Remote Collaboration Keeps Lollypop’s UX Design Business Growing During COVID-19
Collaborative tools like Adobe XD’s new Coediting feature help the award-winning UX and UI design studio deliver cutting-edge work even while its team is working remotely.
by Rajeshwari Keluskar
posted on 06-26-2020
For some design companies, the COVID-19 restrictions have been a cue to explore new ways of collaborating online – and a reminder that we should consider the needs of others in everything we do. But for other companies, life during lockdown has simply been an affirmation of the way in which they already work. Lollypop is one such firm.
For seven years, the award-winning India-based UX and UI studio has practiced a philosophy of human-centered design with a portfolio of clients ranging from fintech firms to fitness apps. With a growing team of 150 people spread across 12 offices worldwide, Lollypop was already well aware of the power of tools like Adobe XD to enable its designers to collaborate remotely.
Lollypop’s most recent showreel. The UX and UI design studio creates interfaces for a range of websites, apps and wearable devices, for clients ranging from startups to corporations.
UX and UI design from start-ups to Stanford
“Lollypop’s motto is also our process: discover, define, design and refine,” said Rajeshwari Keluskar, a UX designer in the firm’s Mumbai studio. “There is no change [to this], despite the pandemic. All you need to succeed in such times of crisis is a set of committed teammates with [the] conviction to deliver good digital experiences.”
Lollypop has been putting its process into practice since 2013, when founder and Design Director Anil Reddy relocated to Bengaluru (Bangalore) after nearly a decade working in New Zealand, including a period as art director at TBWA\TEQUILA. Established with a mission to “put India on the world map as a digital design destination,” the studio quickly notched up jobs for international clients ranging from the U.S.’s Stanford University to Nepalese fintech firm IME Digital Solution.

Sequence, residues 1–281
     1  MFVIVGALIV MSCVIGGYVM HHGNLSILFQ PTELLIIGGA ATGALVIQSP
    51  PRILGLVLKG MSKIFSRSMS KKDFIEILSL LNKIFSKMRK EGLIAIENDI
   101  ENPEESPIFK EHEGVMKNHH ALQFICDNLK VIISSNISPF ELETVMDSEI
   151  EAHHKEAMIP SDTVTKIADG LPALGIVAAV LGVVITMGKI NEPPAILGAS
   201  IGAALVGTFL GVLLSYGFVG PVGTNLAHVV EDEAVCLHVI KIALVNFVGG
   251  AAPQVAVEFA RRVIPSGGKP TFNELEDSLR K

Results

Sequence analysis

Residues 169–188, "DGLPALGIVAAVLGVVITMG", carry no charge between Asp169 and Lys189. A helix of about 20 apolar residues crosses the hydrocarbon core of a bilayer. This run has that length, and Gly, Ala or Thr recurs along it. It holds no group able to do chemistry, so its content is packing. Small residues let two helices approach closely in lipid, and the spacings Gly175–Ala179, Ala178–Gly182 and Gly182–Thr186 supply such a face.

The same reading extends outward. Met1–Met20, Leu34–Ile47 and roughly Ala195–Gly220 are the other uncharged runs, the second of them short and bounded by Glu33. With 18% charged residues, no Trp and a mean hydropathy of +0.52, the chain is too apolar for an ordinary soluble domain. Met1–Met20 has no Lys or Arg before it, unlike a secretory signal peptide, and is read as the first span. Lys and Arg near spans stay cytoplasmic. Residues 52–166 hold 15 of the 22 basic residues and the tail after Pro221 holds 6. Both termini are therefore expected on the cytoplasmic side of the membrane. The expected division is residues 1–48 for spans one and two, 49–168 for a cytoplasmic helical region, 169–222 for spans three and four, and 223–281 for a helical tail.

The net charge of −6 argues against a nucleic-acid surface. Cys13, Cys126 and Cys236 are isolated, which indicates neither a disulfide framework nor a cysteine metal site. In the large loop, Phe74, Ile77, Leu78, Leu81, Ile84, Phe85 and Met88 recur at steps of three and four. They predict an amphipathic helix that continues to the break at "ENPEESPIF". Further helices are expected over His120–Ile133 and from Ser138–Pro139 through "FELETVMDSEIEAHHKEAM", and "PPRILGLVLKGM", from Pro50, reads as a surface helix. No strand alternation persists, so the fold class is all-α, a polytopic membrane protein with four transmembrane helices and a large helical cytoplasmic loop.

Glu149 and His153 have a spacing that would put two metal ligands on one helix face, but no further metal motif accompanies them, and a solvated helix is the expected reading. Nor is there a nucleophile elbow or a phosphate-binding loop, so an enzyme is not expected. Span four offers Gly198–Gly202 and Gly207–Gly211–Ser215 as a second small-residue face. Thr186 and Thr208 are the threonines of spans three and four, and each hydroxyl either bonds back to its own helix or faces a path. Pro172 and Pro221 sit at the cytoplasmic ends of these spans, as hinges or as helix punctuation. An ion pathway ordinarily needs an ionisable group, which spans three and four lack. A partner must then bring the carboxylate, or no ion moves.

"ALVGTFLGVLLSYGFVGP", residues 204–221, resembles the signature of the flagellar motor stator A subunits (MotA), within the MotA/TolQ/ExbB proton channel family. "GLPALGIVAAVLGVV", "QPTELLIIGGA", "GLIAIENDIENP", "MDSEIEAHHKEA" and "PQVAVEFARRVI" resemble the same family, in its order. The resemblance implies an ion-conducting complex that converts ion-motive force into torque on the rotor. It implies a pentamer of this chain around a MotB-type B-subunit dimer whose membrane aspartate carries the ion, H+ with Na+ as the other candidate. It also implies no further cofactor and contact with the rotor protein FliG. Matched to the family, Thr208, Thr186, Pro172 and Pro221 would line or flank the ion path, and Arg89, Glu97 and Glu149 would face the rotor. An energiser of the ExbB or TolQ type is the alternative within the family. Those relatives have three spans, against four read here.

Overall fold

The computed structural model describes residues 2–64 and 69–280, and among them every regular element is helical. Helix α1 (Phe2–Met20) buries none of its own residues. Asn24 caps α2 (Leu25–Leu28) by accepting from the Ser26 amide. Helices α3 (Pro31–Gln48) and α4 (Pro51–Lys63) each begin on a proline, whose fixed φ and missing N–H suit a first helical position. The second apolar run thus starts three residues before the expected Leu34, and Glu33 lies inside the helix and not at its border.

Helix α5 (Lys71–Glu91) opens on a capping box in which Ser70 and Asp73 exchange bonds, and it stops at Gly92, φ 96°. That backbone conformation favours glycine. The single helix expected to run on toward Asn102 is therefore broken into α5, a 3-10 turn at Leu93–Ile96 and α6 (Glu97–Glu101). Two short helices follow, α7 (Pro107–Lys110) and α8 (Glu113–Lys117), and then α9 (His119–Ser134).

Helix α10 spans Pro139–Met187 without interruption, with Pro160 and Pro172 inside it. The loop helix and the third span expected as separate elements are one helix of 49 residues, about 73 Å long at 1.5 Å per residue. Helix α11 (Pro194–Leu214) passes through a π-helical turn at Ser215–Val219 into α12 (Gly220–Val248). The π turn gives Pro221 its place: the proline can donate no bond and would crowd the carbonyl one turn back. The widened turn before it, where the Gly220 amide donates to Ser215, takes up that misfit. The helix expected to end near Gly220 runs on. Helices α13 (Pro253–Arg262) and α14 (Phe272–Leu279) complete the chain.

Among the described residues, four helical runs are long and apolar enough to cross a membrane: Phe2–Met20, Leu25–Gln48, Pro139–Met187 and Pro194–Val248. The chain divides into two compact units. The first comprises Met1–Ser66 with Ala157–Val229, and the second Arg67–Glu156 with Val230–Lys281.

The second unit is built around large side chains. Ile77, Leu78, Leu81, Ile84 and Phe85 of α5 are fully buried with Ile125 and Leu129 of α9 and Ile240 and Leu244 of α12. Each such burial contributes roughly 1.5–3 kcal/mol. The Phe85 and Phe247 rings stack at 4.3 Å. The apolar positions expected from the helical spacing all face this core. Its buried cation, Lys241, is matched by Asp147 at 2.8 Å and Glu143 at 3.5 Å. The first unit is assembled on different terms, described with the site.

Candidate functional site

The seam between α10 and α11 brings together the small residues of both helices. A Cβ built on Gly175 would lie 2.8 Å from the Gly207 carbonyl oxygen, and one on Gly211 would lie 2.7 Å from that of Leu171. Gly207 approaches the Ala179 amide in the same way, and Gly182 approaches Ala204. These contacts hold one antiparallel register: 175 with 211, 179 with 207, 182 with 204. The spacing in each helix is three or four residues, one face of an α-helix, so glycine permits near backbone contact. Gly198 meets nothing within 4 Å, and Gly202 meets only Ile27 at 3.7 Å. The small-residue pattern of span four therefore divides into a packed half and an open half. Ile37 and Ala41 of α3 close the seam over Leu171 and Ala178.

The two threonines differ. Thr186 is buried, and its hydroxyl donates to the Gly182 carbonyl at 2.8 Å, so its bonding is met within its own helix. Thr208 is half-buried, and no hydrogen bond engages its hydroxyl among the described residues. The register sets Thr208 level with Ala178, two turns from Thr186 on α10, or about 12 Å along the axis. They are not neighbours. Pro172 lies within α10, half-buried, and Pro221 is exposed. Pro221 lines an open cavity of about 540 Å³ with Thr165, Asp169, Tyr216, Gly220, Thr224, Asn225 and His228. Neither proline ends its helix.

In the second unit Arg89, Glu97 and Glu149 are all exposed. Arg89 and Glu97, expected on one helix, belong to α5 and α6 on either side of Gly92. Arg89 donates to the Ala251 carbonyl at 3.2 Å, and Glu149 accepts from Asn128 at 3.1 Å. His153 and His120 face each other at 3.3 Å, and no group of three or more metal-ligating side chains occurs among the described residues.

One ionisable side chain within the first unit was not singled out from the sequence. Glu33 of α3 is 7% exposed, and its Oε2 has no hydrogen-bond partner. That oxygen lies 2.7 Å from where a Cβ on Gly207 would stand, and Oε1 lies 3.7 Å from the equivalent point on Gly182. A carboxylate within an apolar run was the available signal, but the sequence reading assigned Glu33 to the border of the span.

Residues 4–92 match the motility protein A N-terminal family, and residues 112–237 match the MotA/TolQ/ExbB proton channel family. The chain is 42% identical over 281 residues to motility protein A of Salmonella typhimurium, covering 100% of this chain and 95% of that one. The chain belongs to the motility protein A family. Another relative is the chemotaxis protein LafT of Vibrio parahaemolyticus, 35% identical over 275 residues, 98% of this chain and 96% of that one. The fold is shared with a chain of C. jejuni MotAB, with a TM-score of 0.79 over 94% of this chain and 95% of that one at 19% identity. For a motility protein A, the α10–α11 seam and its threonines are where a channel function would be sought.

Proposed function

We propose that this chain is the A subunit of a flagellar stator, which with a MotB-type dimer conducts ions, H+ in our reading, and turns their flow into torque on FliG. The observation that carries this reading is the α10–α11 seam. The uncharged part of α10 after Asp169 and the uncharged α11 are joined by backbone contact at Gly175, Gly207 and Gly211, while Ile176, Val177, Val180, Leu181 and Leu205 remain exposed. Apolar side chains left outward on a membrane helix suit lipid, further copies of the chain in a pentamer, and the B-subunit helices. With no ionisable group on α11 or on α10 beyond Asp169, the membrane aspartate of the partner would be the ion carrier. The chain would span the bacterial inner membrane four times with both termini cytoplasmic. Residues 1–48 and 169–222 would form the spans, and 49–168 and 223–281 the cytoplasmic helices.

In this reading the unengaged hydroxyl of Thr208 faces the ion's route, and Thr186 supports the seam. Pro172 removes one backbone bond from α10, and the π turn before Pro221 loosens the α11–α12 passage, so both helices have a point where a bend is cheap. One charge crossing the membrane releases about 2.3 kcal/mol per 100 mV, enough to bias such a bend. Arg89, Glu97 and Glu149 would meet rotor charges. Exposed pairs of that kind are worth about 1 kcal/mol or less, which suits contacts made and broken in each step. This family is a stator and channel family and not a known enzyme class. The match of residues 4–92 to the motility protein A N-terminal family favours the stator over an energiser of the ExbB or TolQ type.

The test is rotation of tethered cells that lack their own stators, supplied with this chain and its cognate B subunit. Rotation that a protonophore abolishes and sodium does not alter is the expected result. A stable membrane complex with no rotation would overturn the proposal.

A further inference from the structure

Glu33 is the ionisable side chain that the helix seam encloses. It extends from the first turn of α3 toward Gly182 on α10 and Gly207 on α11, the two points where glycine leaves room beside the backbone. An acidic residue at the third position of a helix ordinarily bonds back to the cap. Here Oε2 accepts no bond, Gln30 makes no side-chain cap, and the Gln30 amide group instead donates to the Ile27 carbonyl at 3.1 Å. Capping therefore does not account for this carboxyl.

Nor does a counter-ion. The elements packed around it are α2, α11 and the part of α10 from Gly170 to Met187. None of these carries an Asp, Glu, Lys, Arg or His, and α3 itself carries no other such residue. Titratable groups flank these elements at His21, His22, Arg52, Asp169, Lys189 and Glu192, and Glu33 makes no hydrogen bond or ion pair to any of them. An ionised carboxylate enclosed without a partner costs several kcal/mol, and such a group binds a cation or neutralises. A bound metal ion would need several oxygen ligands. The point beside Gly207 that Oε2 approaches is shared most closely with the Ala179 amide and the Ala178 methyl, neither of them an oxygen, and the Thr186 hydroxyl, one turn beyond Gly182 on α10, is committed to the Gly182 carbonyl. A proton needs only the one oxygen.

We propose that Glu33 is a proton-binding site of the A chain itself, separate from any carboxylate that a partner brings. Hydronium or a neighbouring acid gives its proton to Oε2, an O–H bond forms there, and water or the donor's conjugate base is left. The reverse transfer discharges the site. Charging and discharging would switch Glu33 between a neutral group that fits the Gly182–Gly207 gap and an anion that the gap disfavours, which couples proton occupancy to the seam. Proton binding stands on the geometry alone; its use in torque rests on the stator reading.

Now owned by California-based IT services company Terralogic, Lollypop employs over 150 people worldwide, with offices in India, the U.S., UAE and Vietnam, working on interface designs for websites, mobile apps, and wearable computing.
Lollypop works with a range of clients across industries, including tech start-ups and consumer services – one of its recent clients is a sports platform called Cricket.com. Our key goal is “humanizing enterprise applications with design,” in industries like healthcare, business services, and agriculture, such as its Red Dot Award-winning work on sustainable farming app FarmRise.
Lollypop’s award-winning UX work for FarmRise. Designed to work with low-speed internet connections, the Climate Corporation’s app provides Indian farmers with information on maximizing crop yields.
Discover, define, design, and refine
Lollypop’s four-step process begins with discovery: an exploration of its clients’ vision and goals. “We not only deliver designs, but develop a bond,” said Rajeshwari. “We talk about the market, [the client’s] experience, [their] own stories, and we start crafting designs accordingly.”
To define the structure of an interface, the studio draws on research data to establish the user’s desired journey through the information available, identifying performance indicators for the project.
Finally, Lollypop creates and refines its design, a process it describes as “bringing emotions to logic,” using insights from cognitive science to develop a product that is appealing as well as usable, refining the interface through a series of wireframes, visual designs, and working prototypes.
Interface designs created for Cricket.com’s sports analysis app. Lollypop used to use Sketch for UI design and wireframing, but has now switched to Adobe XD.
Switching from Sketch to XD